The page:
The “blue prints” are part of an ongoing series dedicated to my love of the desert landscape and the cyanotype process. The unusual Joshua Trees trees paired with the vintage process allow this unique handmade view of the natural landscape. The process is done by creating a light sensitive emulsion to cold press water color paper and contact printing an enlarged negative onto the surface. In conjunction also creating photograms with this process where I am contact printing pieces of high desert nature to the emulsion. The process includes harnessing the suns power as the images are left in the UV light to develop and rinsed with water to clear the image.
Every day you can find Rose Cefalu obsessing over her iPhone photos and over-posting on Instagram @joshuatreedesertrose and @rosecefaluphoto. In her spare time she thinks about traveling, printing imagery, making candles, and mixing new colors. In 2019 Rose launched a cyanotype workshop to get her “ hands dirty” again and reintroduce this vintage art form to a new audience interested in becoming skilled with alternative photographic processes. She is also producing award-winning content at a variety of outlets. Currently Rose is the Photography Director at Emmy magazine and you can find her work at rosecefaluphoto.com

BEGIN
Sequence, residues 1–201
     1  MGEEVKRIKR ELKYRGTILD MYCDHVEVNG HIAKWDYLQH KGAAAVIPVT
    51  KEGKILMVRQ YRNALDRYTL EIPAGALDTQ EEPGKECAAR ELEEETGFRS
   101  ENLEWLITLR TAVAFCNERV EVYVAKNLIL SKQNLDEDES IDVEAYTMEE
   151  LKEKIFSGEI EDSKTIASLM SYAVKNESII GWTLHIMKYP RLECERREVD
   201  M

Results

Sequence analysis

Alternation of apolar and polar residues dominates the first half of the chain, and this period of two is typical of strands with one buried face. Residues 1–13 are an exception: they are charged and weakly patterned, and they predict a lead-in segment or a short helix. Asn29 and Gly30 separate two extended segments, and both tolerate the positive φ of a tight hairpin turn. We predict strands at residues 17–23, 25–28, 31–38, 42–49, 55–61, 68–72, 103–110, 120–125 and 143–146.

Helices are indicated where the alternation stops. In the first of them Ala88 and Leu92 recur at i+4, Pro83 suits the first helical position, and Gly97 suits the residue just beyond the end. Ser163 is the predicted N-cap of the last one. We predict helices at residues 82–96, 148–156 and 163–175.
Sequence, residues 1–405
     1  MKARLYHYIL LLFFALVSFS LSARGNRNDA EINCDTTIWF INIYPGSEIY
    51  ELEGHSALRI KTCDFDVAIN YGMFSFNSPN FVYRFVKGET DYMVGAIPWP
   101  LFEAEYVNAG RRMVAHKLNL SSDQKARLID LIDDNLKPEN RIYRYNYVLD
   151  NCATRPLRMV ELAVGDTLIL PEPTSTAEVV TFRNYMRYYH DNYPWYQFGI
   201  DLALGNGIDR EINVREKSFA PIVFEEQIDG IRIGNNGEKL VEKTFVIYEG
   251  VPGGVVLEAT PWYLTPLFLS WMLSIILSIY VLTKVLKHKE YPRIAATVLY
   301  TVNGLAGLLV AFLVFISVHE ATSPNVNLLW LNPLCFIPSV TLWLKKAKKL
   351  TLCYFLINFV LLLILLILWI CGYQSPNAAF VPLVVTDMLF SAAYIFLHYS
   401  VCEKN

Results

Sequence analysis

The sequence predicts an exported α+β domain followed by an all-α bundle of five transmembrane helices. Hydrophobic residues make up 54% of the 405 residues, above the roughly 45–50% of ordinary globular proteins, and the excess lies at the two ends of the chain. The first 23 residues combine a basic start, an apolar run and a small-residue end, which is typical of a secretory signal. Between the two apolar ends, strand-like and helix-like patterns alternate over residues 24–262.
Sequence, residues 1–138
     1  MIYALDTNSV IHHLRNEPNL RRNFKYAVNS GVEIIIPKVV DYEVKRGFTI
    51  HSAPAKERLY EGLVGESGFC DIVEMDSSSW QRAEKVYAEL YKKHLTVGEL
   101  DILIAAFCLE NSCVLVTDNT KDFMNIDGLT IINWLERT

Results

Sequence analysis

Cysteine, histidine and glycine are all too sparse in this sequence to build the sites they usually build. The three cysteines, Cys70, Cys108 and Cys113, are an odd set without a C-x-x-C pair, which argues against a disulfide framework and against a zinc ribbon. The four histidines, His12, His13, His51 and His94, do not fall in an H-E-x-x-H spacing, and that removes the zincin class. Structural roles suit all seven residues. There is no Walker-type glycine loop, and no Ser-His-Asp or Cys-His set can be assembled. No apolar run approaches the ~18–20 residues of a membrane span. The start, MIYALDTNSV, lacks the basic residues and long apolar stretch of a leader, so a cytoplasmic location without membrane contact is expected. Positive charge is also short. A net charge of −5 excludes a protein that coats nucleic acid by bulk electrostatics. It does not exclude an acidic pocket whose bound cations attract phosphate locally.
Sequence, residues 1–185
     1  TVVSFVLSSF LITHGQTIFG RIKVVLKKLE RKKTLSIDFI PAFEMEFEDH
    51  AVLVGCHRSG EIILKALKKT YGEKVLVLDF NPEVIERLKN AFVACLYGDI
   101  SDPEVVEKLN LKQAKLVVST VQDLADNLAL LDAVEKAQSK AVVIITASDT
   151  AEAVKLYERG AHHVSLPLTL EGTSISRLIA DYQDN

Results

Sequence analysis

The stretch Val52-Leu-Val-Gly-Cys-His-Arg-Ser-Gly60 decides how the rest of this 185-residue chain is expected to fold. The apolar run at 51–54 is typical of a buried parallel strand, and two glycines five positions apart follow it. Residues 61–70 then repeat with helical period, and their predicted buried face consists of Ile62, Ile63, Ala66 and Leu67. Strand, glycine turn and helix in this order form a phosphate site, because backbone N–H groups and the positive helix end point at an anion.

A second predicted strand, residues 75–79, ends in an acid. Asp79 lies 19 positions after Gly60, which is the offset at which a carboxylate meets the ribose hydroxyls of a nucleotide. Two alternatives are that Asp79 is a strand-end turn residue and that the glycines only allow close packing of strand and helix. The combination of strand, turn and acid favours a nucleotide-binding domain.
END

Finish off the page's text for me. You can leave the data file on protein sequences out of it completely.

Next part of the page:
What kind of public art project do I want to work on?
I work in a medium fueled by the sun so it makes sense to make it a public art piece. The sun is a vehicle we all enjoy in Palm Springs and look forward to the warm weather and bright days. My process of making cyanotypes (AKA Sunprints) is one where the power of the sun is harnessed and imprinted onto sensitized paper and/or fabric.